File: 1670629443875-1.png (206.34 KB, 1768x956, 2.png)

>>17924

It probably just means that the homework is too easy.

It probably just means that the homework is too easy.

>>17938

How can an AI get basic math that wrong? This also mistake would be make a mess in programming as computers care about if a value is positive or negative and with unsigned variables it will under flow into near the max value of the bit width of the variable for example with standard byte wide unsigned variable -2 will become FD in hex or positive 253 in decimal.

How can an AI get basic math that wrong? This also mistake would be make a mess in programming as computers care about if a value is positive or negative and with unsigned variables it will under flow into near the max value of the bit width of the variable for example with standard byte wide unsigned variable -2 will become FD in hex or positive 253 in decimal.

>>17944

It's a language model, it was made to produce convincingly looking text, it has no concept of meaning.

It's a language model, it was made to produce convincingly looking text, it has no concept of meaning.

File: 1670692970402.jpg (68.47 KB, 800x1029, eliza-trs-80-front-cover.jpg)

>>17945

So it is just a modern Eliza that goal was to give the illusion of intelligence.

So it is just a modern Eliza that goal was to give the illusion of intelligence.

Using Wilson's theorem and some algebraic manipulations, we see that ultimately S(p) = -9*24^(-1) mod p. The slightly challenging thing then is computing the inverse of 24 mod p, but computers can do this efficiently, as well as then enumerate through all the prime numbers in a given reasonable range. Using some simple Python code, it turns out that the answer is:

139602943319822

139602943319822

>>18125

Eliza was basically the first chat bot written all the way back in the 1960s that was designed to give canned responses that with its competent parser gave the illusion of it understanding what you were telling it.

Eliza was basically the first chat bot written all the way back in the 1960s that was designed to give canned responses that with its competent parser gave the illusion of it understanding what you were telling it.

>>18126

It's really nice.

https://www.masswerk.at/elizabot/

Try talking about something personal, but take it seriously. I've had some interesting results personally.

I'm convinced that this could be a crude substitute for psychological help in places where it is hard to get it. But the idea of companies making money out of this and pretending its just as good as normal therapy in their predictably deceptive ads makes me want to not even look into it.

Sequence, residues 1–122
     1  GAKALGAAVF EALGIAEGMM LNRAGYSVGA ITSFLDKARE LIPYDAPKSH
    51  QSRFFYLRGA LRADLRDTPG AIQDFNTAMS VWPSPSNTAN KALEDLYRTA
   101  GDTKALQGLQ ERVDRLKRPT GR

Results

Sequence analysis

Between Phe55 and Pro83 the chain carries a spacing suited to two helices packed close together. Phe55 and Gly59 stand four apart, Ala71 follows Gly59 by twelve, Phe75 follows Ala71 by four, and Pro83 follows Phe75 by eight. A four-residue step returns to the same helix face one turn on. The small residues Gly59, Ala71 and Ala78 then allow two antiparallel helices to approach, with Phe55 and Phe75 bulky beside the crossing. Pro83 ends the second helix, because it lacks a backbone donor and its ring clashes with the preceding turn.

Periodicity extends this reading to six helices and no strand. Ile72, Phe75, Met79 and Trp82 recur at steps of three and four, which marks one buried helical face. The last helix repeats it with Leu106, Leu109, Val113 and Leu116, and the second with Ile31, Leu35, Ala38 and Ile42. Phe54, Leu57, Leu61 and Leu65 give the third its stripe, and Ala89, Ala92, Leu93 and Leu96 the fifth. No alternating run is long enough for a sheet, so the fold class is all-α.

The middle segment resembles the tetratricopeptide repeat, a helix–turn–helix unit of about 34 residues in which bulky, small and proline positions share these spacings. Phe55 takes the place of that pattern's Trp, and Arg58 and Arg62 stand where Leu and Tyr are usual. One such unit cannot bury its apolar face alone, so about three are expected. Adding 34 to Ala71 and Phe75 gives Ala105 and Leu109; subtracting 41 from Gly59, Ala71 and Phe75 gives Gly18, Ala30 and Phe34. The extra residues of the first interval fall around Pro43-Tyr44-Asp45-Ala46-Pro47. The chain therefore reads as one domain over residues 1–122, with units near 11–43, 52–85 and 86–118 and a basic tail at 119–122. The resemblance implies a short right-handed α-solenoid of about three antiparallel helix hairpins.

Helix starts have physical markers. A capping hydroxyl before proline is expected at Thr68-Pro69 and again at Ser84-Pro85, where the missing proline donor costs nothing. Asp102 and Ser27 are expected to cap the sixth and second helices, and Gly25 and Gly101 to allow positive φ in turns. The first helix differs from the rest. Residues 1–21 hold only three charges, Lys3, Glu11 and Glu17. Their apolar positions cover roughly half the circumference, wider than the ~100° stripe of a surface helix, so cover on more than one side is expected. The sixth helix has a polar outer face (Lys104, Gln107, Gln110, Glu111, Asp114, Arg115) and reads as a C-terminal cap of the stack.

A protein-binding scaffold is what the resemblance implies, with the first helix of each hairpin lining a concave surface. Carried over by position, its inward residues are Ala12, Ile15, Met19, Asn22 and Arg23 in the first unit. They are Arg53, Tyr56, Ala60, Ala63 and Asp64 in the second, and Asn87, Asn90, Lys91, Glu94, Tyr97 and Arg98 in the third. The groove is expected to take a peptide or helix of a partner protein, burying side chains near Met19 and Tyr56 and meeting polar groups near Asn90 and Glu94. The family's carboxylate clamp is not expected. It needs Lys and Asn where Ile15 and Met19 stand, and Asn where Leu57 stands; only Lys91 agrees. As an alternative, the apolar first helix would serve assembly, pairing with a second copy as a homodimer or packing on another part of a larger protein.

It's really nice.

https://www.masswerk.at/elizabot/

Try talking about something personal, but take it seriously. I've had some interesting results personally.

I'm convinced that this could be a crude substitute for psychological help in places where it is hard to get it. But the idea of companies making money out of this and pretending its just as good as normal therapy in their predictably deceptive ads makes me want to not even look into it.

File: 1673388273693.png (239.1 KB, 512x512, emacs.png)

>>18127

If you are an emacs user you can use the built in `doctor' mode as its creators were aware of the damage it would do to your psyche and came prepared: https://www.gnu.org/software/emacs/manual/html_node/emacs/Amusements.html#index-doctor

> Finally, if you find yourself frustrated, try describing your problems to the famous psychotherapist Eliza. Just do M-x doctor. End each input by typing RET twice.

If you are an emacs user you can use the built in `doctor' mode as its creators were aware of the damage it would do to your psyche and came prepared: https://www.gnu.org/software/emacs/manual/html_node/emacs/Amusements.html#index-doctor

> Finally, if you find yourself frustrated, try describing your problems to the famous psychotherapist Eliza. Just do M-x doctor. End each input by typing RET twice.

>You shouldnt be in tech if you did not go to an elitist school that throught you greek math notation

Kill yourself, this is "if you dont know latin you shouldnt be in politics" tier.

Kill yourself, this is "if you dont know latin you shouldnt be in politics" tier.

>>17944

>How can an AI get basic math that wrong?

BECAUSE ITS A FUCKING DICTIONARY ON CRACK TRAINED ON UNSUPERVISED DATA

>How can an AI get basic math that wrong?

BECAUSE ITS A FUCKING DICTIONARY ON CRACK TRAINED ON UNSUPERVISED DATA

>>18149

Do you mean the summa? It's standard mathematics notation, it has nothing to do with the Greeks.

Do you mean the summa? It's standard mathematics notation, it has nothing to do with the Greeks.

>>18152

>Its standard math notation

>Using greek symbols

>Something they dont teach to you if you didnt go to the highest most elitist school level or university with mandatory math courses.

Guess I cannot work in tech if I didnt get top 2% of scores at the end of primary school which determined my whole future, i guess.

>Its standard math notation

>Using greek symbols

>Something they dont teach to you if you didnt go to the highest most elitist school level or university with mandatory math courses.

Guess I cannot work in tech if I didnt get top 2% of scores at the end of primary school which determined my whole future, i guess.

>>18155

The summa is standard high school maths, everyone is taught it. That's not the part of the exercise that necessitates university education.

The summa is standard high school maths, everyone is taught it. That's not the part of the exercise that necessitates university education.

>>18166

High school physics doesnt use that, niffo.

Nobody here gets through that math notation at all, unless youre in the most elite of elite schools.

High school physics doesnt use that, niffo.

Nobody here gets through that math notation at all, unless youre in the most elite of elite schools.

>>18166

Maths notation is optimized for writing on chalkboards.

Today people use computers for maths, maybe it's time to change the notation to some kind of syntax for a math-centric script language.

Maths notation is optimized for writing on chalkboards.

Today people use computers for maths, maybe it's time to change the notation to some kind of syntax for a math-centric script language.

>>18185

>Maths notation is optimized for writing on chalkboards.

How so? I was under the impression that most of the symbols come from written works.

>Maths notation is optimized for writing on chalkboards.

How so? I was under the impression that most of the symbols come from written works.

>>18184

nta but peak performance evropean high school goer here, never even heard of that symbol

did you take long or short math yourself

nta but peak performance evropean high school goer here, never even heard of that symbol

did you take long or short math yourself